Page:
Few things have been more success in saving the lives of hundreds of millions of innocents than the conversion and treatment of common water supplies in the US and the first world since the 1910’s and 1920’s.
Few things have killed more people (other than socialist governments!) than the enforced lack of clean water and simple sewage treatment, cheap energy and better transportation and food storage by the uniformly corrupt governments in the third world. And THAT is a policy the UN wants to retain through its CAGW demands as they try to pay those same corrupt governments.


I also work in the oil industry, 20 years, manager with major international, based in SE Asia, earth scientist by background.
This article has the correct conclusions (frakking is not an issue as its been going on for decades) but unfortunately is not well written, misses some key points and pieces of information and makes some erroneous statements. Not least of these is that source rocks occur below reservoir rocks. Generally true for [the] traditional petroleum system but this has nothing to do with what is being targeted under current frack type development proposals. Source rocks occur everywhere and the areas where they are currently being don’t necessarily have to be deep or associated with reservoir rock at all.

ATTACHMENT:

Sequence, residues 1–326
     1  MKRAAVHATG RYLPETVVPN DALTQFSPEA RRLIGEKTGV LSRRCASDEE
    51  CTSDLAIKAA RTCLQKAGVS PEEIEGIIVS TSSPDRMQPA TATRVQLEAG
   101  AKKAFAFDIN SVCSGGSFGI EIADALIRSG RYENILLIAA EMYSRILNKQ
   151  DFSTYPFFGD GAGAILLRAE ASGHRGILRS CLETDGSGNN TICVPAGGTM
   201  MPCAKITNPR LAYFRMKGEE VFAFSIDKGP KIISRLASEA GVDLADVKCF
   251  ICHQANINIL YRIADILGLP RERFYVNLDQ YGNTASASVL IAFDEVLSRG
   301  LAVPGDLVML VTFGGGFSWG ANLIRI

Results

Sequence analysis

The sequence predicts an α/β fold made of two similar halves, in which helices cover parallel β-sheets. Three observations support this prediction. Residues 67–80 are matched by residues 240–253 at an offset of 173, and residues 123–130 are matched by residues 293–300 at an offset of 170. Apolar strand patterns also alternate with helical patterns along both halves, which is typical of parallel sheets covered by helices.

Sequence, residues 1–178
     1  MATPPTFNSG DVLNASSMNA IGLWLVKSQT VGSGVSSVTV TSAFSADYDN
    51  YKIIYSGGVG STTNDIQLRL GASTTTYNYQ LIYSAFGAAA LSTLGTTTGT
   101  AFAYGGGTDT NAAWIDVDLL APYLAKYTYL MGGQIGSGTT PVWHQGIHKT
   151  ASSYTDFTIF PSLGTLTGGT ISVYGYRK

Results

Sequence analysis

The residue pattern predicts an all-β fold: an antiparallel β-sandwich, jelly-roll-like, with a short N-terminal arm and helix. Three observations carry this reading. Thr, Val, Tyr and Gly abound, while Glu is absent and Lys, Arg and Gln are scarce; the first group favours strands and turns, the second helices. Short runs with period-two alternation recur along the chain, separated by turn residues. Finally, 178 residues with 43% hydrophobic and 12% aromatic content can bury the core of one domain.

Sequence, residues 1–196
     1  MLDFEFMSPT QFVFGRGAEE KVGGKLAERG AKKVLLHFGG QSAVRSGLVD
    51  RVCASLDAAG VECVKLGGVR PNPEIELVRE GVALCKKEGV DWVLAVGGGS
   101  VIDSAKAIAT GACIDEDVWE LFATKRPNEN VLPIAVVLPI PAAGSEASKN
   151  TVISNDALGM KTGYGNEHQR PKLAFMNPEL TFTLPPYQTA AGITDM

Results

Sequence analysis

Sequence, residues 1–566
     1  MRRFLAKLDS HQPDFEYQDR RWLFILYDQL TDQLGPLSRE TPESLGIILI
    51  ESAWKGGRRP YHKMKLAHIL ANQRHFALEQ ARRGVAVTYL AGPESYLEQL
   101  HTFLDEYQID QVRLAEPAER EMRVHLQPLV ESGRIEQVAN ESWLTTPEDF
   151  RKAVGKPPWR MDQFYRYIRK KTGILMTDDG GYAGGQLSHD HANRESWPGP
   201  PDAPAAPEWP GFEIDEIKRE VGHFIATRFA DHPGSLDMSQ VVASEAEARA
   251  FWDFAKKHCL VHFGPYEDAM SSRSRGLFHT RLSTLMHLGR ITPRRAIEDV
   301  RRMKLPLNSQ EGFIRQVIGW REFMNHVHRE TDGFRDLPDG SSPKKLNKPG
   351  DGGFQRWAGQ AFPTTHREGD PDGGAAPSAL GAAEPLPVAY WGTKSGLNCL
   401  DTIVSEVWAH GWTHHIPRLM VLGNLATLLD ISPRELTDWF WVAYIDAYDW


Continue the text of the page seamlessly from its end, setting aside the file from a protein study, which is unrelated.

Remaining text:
William McClenney

Barbee says:
April 29, 2012 at 5:11 pm
Yeah, well, that is what I have been doing for the past quarter-century plus. The first horizontal well for chlorinated solvent remediation was drilled over 10 years before the first commercial horizontal well for oil at the Savannah River National Laboratory site. Oddly enough, this involved release of methane gas to stimulate growth of naturally occurring methanotroph bacteria which excreted oxygenase waste products which neatly oxygenated the solvents so fast that it was uncanny.
You might be surprised what we can do in terms of aquifer rehabilitation. It’s what I have been doing for over a quarter-century now since being ushered out of the oil and gas industry after the last boom cycle…….

Steve from Rockwood

Mike Bromley the Canucklehead says:
April 29, 2012 at 4:29 pm
Sorry about my rapid-fire postings here, but:
Keep them coming Mike. You’re educating a lot of people including me.


(responding to)
ImranCan says:
April 29, 2012 at 5:23 pm
Fine. Then “copy and paste” the original and edit it. Do that NOW, don’t wait, don’t try to make it perfect. Make it better with your corrections and expansions.
If it is not “better” …. Make it better, more readable! THAT is your challenge.
Do NOT ever simply criticise another person’s effort, but work harder yourself to make it better. And, by making it better, better inform the rest of us who read it.


@ Mike Bromley the Canucklehead (April 29, 2012 at 4:29 pm)
Mike: if there is no surface release, then how to account for the numerous articles under Google
“Fracking Flowback”.
Now the EPA attempts to regulate this discharge, but the disdain for EPA reg’s I would imagine can be fairly common. Much like the illegal dumping of hazardous material in the countryside/back country roads via truck, I can imagine this or perhaps simply drilling a “secret” “dump hole” for disposal. Lest you think that these companies are naturally “honest”, I think that there has been much evidence over the decades that where profits are involved, anything can go.


That would be: Texas, California and Florida to start.
Ever heard of those places?

Jeff L